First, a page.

Tom Sanborn is a fisheries analyst with Northern Economics with a passion for finding ways to integrate social science into conservation and sustainability approaches. He earned his master’s degree from Ghent University in marine biological resources and worked with a variety of fishing communities both in the US and internationally. Before joining Northern Economics, Tom served nearly four years in the Peace Corps working with artisanal fishing communities in the Philippines, worked alongside NOAA as a longline fisheries observer in the Pacific, and conducted his thesis examining social biases in gathering local ecological knowledge within a Filipino island community. Additionally, Tom worked as the marine advisor for the conservation start-up Cyan Planet and as a consultant for the climate-focused CASE Consultants International.
Tom enjoys bringing an analytical approach to his work and emphasizing the cultural and ecological relationship people have with their marine ecosystems. He is most at home whenever he has the chance to get back out on the ocean.
Tom’s answers to life’s more important questions:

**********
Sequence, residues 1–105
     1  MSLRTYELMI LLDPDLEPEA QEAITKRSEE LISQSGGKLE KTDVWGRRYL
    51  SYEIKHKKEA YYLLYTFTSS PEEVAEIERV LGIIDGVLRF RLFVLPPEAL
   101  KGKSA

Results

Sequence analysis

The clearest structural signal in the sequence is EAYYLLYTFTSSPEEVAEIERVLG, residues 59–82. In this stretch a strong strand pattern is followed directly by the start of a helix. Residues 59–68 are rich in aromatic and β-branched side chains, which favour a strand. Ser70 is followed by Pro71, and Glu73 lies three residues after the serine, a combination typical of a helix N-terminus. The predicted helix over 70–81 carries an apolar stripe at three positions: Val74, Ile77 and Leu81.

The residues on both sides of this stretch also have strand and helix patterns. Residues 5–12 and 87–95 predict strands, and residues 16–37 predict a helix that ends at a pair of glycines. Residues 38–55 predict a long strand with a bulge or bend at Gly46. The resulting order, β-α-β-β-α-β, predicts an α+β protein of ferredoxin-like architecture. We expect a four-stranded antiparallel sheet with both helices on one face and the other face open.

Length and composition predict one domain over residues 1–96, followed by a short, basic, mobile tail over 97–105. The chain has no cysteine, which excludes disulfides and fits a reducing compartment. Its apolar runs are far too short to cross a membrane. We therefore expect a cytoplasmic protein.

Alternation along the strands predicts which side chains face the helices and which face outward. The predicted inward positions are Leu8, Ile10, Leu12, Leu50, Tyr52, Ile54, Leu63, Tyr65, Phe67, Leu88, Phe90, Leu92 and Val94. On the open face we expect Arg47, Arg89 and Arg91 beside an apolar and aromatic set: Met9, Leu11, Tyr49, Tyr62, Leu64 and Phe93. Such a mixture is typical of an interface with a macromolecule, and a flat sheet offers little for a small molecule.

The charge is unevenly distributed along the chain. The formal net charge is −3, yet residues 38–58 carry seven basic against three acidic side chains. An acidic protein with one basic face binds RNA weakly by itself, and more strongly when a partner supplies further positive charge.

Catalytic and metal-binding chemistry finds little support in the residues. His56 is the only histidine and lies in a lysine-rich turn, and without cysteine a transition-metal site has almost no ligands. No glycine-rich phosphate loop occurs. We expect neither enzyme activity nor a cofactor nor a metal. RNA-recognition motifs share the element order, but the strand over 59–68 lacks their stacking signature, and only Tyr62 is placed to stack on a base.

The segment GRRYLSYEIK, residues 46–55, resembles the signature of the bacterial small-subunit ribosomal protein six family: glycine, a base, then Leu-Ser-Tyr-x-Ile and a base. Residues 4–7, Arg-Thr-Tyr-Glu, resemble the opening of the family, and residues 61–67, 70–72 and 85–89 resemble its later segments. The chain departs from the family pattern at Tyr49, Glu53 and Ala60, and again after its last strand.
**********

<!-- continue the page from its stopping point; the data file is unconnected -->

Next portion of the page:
Great Escape: I spent two weeks in a van with my partner doing a camping trip around Iceland. Iceland had been stuck in my psyche since I was a teenager as an impossible place at the edge of the world, and even being there, it still felt dreamlike. The landscape was surreal and humbling, and after two weeks of hiking across glaciers and fjords and waking up at the foot of waterfalls, the sense of dreaming hadn’t faded. I’m still not convinced I was actually there, which means I just have to go back to prove it.
Idea of fun: A warm beach with even warmer water. A cooler, a tent, a perfect spot in the sand, and a sunset that sets the horizon ablaze. Even better if there was a hike to get there.
Memorabilia: While working as an observer, our boats would catch all kinds of billfish, from blue and striped marlins to sailfish and spearfish. My favorite was the swordfish, though. There was always excitement on deck when we caught one on the line. It took the whole crew to haul some of those massive and thrashing 500-pound fish onboard. I remember the biggest one we caught. We tended to fish through the night, and this came up on the line around 2am. We had to use the winch to get it out of the water. From tip to tail, it was about 11 feet and when we laid it out, it stretched across the entire deck. It was a beautiful fish, covered in puckered scars from cookie cutter sharks and with remoras still clinging to its belly. Once they cleaned it out, it was big enough I could have curled up inside it. The crew usually tossed the bills overboard along with the rest of the discards, but I asked them to let me keep that one. I took it home, polished and carved it. It’s still on my wall.